When it comes to Brad Heller and the Fustics touring to promote their newly released album “American Burden,” along the eastern seaboard, frontman Heller masters the art of multitasking. Quite literally. Driving up to Richmond, Virginia, for a show on a Wednesday afternoon, he talks about the band’s regular schedule, something he savors personally as a means of bringing them together.
I’ve always liked the road,” Heller says. “I’ve always liked the open space … the landscape … the interstate and the camaraderie with the guys in the band.”
Comprising Zeke Roland on electric guitar and back-up vocals, Rusty Wood on bass, and Randall Canady on drums and backup vocals, together, they have cultivated an Americana sound a little over a dozen years in the making. What started as an acoustic trio in Wilmington in the mid-2000s, eventually the Fustics evolved into a four-piece hard rock outfit.
Though different band members have come and gone throughout the years, some bowing out to family and job obligations, the additions have brought more options. Their transition from softer, acoustic instruments to a full electric band came about when they realized they wanted to reach a bigger audience. According to Heller, it has diversified their sound, thanks to new instruments like the violin, mandolin, keys and saxophone.
“Any time you’ve got more people in the band or more variety, it opens up more opportunity to explore,” he notes.
The tightly constructed Fustics now parallel folk-rock, blues, punk and country sounds. Original songwriters, as heard on albums like “Conscience of Sin” and “Beyond this Life,” their latest release, “American Burden,” follows simple melodies that shine against pop-like sensibilities. It supports Heller’s self-proclaimed aggressive lyrics.
What took about a year to complete, “American Burden” reverberates with themes of loss and frustration. The songs consist of forward rock melodies and harmonies, but are tinged with somber lyrics, such as in “It’s All Too Real”: I walk with passion/but the pain blocks my path/I’m caught in the storm of death/and I can’t escape its wrath/It feels like a dream/but it’s all too real.”
Though heavy, they get carried by a steady percussion and calming electric guitar.
Heller’s been writing songs for 15 years now. “Only a third of them are actually good,” he quips. Based on real-life experiences, many are not uplifting—something he is conscious of. He tries to negate this effect by “uplifting” the harmonies and melodies.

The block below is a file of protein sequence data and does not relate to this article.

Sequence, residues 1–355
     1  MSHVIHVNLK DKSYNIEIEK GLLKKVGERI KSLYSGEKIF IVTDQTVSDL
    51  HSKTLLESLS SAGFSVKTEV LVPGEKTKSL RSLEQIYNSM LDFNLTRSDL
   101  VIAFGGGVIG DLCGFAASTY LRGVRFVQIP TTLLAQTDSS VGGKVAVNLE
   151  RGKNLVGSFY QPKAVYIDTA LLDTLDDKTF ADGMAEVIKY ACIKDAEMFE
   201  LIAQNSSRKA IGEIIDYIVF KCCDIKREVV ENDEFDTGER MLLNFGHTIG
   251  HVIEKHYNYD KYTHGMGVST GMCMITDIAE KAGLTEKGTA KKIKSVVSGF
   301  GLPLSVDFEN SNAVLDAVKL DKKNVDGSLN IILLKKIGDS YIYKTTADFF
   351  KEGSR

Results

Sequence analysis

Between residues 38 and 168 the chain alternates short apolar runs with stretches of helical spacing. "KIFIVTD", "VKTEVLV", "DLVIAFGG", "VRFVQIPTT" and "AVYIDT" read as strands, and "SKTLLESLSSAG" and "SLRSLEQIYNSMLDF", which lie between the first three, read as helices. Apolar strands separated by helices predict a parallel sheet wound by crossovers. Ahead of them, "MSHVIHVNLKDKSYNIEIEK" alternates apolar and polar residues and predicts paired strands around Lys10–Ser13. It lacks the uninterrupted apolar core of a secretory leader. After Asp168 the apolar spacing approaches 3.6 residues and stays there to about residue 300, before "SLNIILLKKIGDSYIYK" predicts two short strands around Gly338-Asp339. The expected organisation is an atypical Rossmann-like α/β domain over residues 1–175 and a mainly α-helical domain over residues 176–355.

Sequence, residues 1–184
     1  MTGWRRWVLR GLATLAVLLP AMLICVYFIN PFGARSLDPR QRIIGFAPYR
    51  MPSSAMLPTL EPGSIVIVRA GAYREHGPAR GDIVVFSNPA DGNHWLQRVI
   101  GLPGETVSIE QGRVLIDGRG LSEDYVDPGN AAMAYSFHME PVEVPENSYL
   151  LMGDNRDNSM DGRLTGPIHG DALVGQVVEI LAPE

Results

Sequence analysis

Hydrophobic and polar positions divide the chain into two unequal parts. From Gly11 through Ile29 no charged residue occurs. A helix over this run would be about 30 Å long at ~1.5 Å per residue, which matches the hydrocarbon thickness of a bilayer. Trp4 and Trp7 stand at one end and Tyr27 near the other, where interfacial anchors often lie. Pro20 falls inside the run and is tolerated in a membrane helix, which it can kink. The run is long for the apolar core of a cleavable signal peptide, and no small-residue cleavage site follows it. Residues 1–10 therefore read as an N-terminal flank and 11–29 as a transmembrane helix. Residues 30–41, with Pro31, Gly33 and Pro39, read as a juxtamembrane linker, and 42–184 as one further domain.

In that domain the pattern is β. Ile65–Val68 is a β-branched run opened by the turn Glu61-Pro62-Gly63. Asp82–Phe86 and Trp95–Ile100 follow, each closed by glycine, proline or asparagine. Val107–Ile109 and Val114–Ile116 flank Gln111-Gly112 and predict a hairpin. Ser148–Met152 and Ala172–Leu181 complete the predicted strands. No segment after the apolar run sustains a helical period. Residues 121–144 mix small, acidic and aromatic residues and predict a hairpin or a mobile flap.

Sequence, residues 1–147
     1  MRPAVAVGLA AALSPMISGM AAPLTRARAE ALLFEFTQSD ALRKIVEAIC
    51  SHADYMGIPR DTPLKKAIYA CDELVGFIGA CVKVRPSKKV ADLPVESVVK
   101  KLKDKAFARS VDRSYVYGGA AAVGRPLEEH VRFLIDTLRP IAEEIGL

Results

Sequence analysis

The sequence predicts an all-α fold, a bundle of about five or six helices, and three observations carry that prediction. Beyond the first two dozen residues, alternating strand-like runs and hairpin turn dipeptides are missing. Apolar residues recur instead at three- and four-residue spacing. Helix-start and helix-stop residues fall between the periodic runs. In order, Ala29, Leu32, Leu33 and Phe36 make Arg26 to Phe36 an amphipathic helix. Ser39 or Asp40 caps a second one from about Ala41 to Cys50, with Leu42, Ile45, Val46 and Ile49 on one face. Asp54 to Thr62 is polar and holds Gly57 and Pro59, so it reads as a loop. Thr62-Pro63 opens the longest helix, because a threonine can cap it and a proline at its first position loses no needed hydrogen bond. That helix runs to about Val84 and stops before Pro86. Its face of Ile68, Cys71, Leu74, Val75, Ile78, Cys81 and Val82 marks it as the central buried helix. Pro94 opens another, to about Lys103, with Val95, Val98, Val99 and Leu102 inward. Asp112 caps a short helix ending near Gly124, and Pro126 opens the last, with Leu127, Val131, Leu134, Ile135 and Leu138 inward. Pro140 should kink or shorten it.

“We’ve gained a lot of great response from it,” Heller states. “Both on the road and from our fan base. It’s the most followed record by far.”
Heller refers to the road as “more of a lifestyle than an experience.” Over the last nine months, they covered most of North Carolina, and will embark on journeys to New York, Pennsylvania and New Jersey within the next couple of weeks. Come November, they will scour the upper midwest for a short two-week tour—a more reasonable excursion in terms of money and travel.
It has not been an easy endeavor: the experiences throughout their tours have been characterized as interesting, a layman’s terms for a non-musician. Whether meeting an array of impressionable characters, sleeping on different floors and couches, or overcoming the random tire blowout—and inevitable, long wait for highway patrol—they take it all in stride.
These kind of predicaments are the basis of “American Burden.” Heller focuses on everyday experiences. Like life, it doesn’t walk a straight line but takes jagged turns that send us into unpredictable directions. Even with his penchant for characterizing the Americana genre, he keeps a (pint) glass half-full attitude. Heller attributes his positivity toward the response he receives from audiences—when he does receive one, at least. He appreciates any emotion reactive of fans; it’s the most rewarding part of being a musician.
“I can’t think of a better high actually,” he says. Even through the highs and lows that come with the everyday strife of living as a musician, Brad Heller and the Fustics have overcome the biggest obstacle: finding a creative unit to keep the Fustics’ music alive. To Heller, collaborating with other musicians who share the same love of songs can be trying.
“It’s difficult,” he admits. “But I still find guys that will go out on the road for the same amount of money and with a shared vision.”
Lots of beer doesn’t hurt, either.
DETAILS: Brad Heller and the Fustics
The Calico Room • 107 S. Front St.
Friday, October 4th • 10 p.m.
$3, 21 and up; $5, 18 and up